Why So Many Writers Are Sad

Far too many of us have forgotten where we came from.

When you were young, you wrote stories because there were stories to be written. Tales floated around in your head until you wrote them down, at which point they became yours – your real, amazing creations coming to life in your hands.

Kids carry little to no shame when it comes to creativity. You know this if you have spent even only five minutes with a six-year-old. When they don’t know how to explain something, they attempt to create a way of understanding that matches their level of cognition. Creativity is their perspective. They know nothing different.

When you were little, every story you wrote was awful. At least in comparison to what adult professionals tend to produce. Adults didn’t tear the pages of your stories into pieces and say you were stupid for responding to your heart and mind’s call to create, though. They said “very good.” That was enough for you. “Good” meant your attempt was successful. Onto the next task you went.

Adulthood has a way of shattering everything you once experienced as a young writer. Before, you were just interested in writing about the moving pictures in your head. It was relief; it was fun. But not anymore. Now you’re over-concerned about everything. Will this sell? Does my audience care? Where IS my audience? How will I get paid? Why is so-and-so’s blog more popular than mine? Why is he making a living as a writer even though I’m better at writing than he is?

Why does no one ever tell me I’m doing a good job?

Have you ever stopped to think that it doesn’t have to be like this?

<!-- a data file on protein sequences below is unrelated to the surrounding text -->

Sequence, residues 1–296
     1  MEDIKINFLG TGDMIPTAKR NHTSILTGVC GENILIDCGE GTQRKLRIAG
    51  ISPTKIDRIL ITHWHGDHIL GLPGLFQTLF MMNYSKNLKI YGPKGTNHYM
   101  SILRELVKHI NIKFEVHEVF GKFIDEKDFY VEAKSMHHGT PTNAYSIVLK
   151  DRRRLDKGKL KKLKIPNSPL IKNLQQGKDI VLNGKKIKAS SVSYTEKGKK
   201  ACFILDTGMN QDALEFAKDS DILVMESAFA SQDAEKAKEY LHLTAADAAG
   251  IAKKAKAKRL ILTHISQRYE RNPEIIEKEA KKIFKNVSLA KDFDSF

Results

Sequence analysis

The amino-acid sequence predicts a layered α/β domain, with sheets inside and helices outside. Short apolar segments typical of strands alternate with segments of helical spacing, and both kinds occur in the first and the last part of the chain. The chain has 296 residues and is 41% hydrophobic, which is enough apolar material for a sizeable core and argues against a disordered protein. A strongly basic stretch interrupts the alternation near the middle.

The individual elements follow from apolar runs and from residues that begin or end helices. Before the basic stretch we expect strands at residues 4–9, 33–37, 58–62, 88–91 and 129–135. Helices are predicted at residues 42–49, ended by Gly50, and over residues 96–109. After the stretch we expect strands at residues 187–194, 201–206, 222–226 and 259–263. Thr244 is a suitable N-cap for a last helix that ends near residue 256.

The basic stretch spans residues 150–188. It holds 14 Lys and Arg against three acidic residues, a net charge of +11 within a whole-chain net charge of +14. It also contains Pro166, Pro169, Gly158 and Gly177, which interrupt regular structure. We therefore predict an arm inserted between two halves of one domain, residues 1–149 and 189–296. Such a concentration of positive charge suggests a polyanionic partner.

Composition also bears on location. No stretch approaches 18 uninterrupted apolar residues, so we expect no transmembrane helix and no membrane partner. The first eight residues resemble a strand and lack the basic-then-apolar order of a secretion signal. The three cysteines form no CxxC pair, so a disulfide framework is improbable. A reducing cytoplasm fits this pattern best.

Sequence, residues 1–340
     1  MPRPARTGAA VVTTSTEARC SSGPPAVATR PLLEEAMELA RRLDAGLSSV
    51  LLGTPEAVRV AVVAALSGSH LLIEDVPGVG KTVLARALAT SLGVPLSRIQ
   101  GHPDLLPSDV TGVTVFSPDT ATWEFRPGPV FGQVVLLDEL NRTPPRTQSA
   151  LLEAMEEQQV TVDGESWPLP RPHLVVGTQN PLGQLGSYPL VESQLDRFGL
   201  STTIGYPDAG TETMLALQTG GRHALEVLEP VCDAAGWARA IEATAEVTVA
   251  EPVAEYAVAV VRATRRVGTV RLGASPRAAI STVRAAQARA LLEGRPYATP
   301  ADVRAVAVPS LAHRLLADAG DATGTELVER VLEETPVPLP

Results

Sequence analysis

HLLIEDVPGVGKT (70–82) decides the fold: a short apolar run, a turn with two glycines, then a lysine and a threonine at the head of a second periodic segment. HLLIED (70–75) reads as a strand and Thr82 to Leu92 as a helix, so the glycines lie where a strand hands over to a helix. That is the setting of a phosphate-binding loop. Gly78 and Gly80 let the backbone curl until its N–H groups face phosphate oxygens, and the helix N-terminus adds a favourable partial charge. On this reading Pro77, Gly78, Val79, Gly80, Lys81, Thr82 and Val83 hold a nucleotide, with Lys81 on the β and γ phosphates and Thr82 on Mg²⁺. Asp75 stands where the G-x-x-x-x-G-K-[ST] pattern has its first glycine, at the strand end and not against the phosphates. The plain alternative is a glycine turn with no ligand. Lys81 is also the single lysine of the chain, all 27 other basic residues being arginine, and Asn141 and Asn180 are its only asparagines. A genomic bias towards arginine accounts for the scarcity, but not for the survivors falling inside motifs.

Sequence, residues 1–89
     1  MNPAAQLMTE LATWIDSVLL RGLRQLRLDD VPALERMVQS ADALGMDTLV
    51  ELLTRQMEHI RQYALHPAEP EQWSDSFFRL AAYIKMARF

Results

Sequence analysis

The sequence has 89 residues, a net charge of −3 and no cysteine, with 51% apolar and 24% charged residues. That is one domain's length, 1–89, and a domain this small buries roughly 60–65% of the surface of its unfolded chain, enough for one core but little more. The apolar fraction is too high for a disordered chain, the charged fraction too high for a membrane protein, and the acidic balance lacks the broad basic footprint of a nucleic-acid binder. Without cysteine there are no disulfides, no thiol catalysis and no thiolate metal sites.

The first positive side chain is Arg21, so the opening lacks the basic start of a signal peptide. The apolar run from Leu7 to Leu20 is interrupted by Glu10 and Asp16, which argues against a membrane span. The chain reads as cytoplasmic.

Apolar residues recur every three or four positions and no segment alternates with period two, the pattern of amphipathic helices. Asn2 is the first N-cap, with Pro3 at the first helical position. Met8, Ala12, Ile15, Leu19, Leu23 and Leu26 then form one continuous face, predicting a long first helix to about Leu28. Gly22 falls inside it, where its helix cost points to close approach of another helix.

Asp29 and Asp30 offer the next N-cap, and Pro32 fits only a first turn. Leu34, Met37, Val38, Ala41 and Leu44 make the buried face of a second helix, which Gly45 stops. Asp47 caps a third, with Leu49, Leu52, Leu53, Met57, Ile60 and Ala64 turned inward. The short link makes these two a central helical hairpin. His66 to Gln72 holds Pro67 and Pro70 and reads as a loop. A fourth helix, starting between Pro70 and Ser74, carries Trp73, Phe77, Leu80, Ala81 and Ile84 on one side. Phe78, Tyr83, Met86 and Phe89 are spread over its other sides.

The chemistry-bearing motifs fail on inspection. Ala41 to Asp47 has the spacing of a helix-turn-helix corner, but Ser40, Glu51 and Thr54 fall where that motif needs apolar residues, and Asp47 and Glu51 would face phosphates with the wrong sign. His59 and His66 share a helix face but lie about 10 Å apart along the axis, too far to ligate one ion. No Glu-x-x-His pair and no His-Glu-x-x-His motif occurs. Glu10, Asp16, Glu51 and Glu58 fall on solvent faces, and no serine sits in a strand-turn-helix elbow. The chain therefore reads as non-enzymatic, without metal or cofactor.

The reality is, as you already know, making money as a writer is challenging. Getting people to read what you write is a struggle. Building a marketable, credible online presence is a nightmare. You’re not the only one doing it, so you feel threatened when someone else crowds the tiny space you’ve claimed in your niche. All these things are part of writing, whether you’re a journalist or a novelist or whatever it is you want to call yourself. But you don’t have to be part of the crowd that complains and shoves elbows and demands more money than they have earned.

Far too many of us have forgotten where we came from. You didn’t start out this way. I didn’t think about making money as an author when I was seven – did you? You wrote because you liked it. You wrote because every part of you demanded it. I think it’s safe to bet a good percentage of people trying to write professionally now don’t even like doing it half the time. That’s sad. Please don’t be one of those people.

You don’t hate writing – you hate the system. No one ever said this was going to be a perfect road. People get so caught up in being better than everyone else that they completely ignore the only thing that’s going to get them anywhere near the top – listening to that voice inside them saying, “Write this. Write this because it is what you are supposed to write, and that is all that matters.”

I am a freelance writer. I understand that money and a following and recognition matters. However, I am a believer in passion before profit. That sounds a lot more hollow than it actually is. I wrote things I liked, and there was no money. I wrote things I didn’t like, and there was still no money. Then all of a sudden there was money, and people started reaching out to me. It HAPPENS.

Of course, by “all of a sudden,” I mean months and months later. Instant gratification does not exist in the writing world. If you can’t handle that reality, you’re just not going to survive.

You have to do this because you want to do this. You have to do this because of that part of you that’s screaming to let that story out. Otherwise, you’re going to be miserable. I have met many miserable writers. They are not fun to be around. They’ve lost their reason for doing this. Don’t lose yours.

Meg is the creator of Novelty Revisions, dedicated to helping writers put their ideas into words. She is a freelance writer and a nine-time NaNoWriMo winner with work published in Teen Ink, Success Story, Lifehack and USA TODAY College. Follow Meg on Twitter for tweets about writing, food and nerdy things.